Archive | August, 2017

Willamette Valley Projects Improve Fishing Opportunities

KokaneeThe Oregon Department of Fish and Wildlife, and other organizations throughout the state, continue to improve boating and angling in Oregon lakes, rivers and streams. Here are a few highlights of recent and ongoing improvements in the Willamette Valley:

Mid-Willamette Watershed District
Detroit Reservoir– Nonprofit angling group Kokanee Power of Oregon is spearheading a project that began releasing larger fingerling Kokanee in the fall with the hope of improving fishing in Detroit Reservoir, said Elise Kelley, a District Fish Biologist for the ODFW. “We will release fish about four or five inches long in the fall over the next few years,” Kelley said, “rather than two to three inches in the summer.” Kokanee Power of Oregon is funding this initial pilot program and will survey anglers with “catch cards,” in order to help with assessing whether the new, larger kokanee are contributing to the fishery.
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Rhoades Pond Volunteers Keep Fishery Strong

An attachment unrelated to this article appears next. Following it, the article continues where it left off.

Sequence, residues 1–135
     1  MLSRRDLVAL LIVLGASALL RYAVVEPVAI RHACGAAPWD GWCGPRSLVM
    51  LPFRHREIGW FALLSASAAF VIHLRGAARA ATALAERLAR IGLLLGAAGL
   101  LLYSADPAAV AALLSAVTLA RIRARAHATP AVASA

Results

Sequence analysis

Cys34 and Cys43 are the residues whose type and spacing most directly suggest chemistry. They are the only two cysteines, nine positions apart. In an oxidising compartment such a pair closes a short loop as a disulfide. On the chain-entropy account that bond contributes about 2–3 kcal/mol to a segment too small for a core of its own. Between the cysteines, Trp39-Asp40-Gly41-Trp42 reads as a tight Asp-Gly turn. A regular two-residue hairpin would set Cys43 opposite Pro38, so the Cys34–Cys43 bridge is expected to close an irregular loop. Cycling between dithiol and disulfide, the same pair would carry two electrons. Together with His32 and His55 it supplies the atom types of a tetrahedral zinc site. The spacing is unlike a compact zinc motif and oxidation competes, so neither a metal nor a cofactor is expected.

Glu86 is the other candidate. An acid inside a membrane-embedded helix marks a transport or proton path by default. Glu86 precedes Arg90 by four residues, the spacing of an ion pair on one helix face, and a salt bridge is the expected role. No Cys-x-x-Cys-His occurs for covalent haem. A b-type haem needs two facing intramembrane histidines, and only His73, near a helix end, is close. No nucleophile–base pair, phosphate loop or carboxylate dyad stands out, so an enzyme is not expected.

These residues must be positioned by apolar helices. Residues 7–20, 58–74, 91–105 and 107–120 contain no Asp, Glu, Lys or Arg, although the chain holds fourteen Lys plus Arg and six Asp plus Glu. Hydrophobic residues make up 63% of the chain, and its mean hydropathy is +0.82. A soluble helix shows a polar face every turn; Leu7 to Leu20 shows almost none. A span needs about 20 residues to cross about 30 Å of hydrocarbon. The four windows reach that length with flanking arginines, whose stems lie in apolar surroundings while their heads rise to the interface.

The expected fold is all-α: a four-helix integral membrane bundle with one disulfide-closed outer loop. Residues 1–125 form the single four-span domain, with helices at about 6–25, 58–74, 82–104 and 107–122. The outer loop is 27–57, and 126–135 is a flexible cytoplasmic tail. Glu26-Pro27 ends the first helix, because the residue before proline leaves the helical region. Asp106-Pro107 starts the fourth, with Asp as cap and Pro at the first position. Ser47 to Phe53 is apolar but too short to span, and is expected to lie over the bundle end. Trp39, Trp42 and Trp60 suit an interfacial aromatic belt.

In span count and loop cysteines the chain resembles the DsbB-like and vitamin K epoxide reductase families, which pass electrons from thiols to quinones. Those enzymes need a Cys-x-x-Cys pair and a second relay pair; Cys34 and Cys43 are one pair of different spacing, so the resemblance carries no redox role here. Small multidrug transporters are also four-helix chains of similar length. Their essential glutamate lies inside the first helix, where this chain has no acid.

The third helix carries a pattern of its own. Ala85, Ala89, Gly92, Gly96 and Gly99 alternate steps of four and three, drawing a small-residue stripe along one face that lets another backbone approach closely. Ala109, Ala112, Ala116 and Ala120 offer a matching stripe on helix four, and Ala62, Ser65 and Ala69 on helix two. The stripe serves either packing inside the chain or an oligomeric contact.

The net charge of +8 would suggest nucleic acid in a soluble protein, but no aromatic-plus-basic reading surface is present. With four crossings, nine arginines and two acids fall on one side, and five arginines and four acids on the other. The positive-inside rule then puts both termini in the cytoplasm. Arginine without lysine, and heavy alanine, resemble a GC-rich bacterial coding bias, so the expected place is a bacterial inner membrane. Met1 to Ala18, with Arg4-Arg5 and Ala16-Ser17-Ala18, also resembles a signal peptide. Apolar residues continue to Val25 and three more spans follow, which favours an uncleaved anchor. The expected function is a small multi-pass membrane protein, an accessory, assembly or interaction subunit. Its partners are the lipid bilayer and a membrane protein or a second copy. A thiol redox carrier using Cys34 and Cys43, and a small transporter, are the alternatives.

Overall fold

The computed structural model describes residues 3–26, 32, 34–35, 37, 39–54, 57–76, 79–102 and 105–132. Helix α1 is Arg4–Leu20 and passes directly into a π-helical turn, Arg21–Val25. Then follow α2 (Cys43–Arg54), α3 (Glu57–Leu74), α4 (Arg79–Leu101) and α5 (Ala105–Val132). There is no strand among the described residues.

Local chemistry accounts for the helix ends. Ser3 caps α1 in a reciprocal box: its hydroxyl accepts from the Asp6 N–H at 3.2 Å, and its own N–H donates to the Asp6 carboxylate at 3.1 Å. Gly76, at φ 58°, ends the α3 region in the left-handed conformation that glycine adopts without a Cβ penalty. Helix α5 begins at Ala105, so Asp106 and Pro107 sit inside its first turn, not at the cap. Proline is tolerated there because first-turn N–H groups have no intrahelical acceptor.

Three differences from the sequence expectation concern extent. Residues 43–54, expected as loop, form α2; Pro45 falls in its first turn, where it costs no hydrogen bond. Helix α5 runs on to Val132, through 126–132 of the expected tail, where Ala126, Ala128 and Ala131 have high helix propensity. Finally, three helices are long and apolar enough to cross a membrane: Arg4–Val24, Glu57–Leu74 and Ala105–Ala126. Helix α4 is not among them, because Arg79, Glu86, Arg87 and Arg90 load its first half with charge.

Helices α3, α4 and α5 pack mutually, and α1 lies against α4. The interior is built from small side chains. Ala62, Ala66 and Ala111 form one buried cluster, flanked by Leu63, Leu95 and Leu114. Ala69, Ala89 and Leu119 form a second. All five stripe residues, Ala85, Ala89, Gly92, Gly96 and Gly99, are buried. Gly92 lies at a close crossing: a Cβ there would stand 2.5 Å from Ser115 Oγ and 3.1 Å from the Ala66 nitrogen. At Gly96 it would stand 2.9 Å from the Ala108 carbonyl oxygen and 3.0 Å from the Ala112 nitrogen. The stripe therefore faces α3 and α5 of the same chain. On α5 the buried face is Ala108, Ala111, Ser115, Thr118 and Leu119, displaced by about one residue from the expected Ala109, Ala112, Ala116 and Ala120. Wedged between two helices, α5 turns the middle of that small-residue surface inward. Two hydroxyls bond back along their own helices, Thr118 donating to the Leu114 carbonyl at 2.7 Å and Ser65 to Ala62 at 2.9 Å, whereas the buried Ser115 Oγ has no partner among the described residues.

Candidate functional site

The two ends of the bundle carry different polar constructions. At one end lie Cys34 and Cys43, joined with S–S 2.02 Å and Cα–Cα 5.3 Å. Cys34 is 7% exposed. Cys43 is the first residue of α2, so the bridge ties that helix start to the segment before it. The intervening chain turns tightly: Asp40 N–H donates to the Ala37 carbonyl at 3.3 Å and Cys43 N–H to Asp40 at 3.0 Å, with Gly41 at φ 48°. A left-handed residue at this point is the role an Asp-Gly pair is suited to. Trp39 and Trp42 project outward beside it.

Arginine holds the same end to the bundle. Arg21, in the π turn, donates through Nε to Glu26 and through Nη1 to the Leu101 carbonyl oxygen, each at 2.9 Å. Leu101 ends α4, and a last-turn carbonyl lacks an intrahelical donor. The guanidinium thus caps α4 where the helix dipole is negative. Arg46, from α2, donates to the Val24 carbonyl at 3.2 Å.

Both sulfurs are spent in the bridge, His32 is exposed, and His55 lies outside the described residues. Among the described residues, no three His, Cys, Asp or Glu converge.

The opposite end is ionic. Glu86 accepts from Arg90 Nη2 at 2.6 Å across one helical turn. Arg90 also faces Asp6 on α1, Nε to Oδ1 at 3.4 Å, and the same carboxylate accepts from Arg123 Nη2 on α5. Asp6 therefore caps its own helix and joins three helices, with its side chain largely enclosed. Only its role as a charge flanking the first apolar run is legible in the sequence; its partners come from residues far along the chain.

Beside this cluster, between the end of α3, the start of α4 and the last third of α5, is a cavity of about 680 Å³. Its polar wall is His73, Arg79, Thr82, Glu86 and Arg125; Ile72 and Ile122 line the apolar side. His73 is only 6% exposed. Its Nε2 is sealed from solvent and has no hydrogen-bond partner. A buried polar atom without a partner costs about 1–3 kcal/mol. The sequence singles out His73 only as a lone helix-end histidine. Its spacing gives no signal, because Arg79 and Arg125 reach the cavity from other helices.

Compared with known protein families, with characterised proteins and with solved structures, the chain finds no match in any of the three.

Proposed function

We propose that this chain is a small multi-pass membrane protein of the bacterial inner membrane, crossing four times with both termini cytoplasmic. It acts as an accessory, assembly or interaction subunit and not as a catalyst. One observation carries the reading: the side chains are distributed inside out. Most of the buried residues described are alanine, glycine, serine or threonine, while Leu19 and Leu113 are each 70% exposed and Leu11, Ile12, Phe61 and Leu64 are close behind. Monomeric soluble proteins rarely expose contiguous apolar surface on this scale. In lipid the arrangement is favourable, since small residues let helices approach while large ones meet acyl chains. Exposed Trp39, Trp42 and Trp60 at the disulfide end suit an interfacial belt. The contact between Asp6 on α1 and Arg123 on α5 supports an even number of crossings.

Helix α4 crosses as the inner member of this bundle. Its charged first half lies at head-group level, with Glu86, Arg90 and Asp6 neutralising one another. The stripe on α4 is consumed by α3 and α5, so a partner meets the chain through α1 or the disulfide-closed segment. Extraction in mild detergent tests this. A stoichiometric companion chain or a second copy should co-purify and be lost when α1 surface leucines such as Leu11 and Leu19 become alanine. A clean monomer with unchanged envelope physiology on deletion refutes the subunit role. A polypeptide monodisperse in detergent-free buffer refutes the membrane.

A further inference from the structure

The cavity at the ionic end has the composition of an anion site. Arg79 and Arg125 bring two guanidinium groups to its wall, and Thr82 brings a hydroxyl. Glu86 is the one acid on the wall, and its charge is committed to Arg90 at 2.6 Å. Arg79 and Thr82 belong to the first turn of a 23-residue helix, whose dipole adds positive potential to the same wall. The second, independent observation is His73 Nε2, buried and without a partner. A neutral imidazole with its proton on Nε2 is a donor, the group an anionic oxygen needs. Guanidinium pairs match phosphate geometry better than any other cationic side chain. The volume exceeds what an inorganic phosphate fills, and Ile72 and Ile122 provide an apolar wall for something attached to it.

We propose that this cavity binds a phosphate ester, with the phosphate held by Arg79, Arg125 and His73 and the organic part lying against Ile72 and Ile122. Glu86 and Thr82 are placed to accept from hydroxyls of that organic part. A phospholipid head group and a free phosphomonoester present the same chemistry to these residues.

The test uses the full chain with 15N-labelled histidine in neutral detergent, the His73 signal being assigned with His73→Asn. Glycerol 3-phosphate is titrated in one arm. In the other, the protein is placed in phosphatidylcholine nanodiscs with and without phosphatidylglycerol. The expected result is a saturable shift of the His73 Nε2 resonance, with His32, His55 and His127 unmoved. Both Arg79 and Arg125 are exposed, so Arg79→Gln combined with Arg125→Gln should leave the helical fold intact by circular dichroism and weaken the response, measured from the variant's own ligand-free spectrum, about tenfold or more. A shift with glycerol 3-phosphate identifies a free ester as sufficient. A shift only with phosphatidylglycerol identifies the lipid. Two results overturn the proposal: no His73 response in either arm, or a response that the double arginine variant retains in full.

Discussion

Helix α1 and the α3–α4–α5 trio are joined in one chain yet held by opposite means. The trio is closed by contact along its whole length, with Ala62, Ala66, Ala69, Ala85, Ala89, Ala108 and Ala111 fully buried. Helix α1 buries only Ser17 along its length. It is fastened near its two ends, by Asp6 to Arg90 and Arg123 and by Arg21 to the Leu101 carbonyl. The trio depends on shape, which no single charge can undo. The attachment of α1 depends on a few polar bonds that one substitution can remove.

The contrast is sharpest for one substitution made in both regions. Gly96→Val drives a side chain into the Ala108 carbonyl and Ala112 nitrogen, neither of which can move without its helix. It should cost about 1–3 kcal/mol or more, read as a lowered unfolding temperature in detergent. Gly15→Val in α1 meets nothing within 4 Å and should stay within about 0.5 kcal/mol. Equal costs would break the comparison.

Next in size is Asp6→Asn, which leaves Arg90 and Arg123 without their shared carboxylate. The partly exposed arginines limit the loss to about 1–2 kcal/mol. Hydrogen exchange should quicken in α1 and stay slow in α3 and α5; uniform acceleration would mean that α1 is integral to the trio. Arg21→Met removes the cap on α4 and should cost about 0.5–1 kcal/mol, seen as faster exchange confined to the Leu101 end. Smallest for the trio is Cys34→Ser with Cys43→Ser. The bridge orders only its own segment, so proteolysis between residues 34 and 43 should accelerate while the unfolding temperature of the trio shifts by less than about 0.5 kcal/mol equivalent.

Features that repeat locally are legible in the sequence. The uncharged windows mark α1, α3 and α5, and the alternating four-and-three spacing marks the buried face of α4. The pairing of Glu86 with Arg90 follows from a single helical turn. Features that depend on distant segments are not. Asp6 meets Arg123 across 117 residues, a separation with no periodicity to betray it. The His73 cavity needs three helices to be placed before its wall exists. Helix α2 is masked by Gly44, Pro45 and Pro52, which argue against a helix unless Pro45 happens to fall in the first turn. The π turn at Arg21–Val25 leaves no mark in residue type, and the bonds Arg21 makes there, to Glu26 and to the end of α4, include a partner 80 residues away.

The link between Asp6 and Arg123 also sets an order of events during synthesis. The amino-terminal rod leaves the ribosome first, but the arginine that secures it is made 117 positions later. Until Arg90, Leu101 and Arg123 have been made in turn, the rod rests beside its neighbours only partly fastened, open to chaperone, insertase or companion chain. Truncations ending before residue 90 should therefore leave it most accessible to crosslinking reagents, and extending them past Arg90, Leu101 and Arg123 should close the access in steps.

Chinook SalmonEvery year in late summer, volunteers release approximately 100,000 Chinook salmon into the Nestucca River in Tillamook County.

They are the result of months of care and feeding by volunteers from the Nestucca Anglers, as well as investment in the past several years – using Restoration & Enhancement dollars – to restore and improve the facility where they’re raised and prepared for release.

Rhoades Pond is an important part of ensuring a local fishery for commercial and sports fishermen, even in leaner years for wild fish, said Ron Rehn, STEP biologist for the North Coast Watershed District.

“It provides an insurance back up should the fishery be restricted,” Rehn said, and adds to the overall fishery even in good years.
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North Coast Volunteer Remembered for Dedication

Dave Booth's steelheadWhen fishermen catch trophy class winter steelhead along Oregon’s coastal rivers, they have volunteers to thank.

Broodstock programs for the fish are successful because of people like Dave Booth, an Oregon Department of Fish and Wildlife volunteer who died this past February.

Booth, who lived in Beaver, was a longtime salmon and steelhead angler, and important to the program capturing wild steelhead on the Nestucca River. He accepted a leadership role as a volunteer to make it possible for bank anglers on the Nestucca to capture wild steelhead and get them to the Cedar Creek Hatchery.
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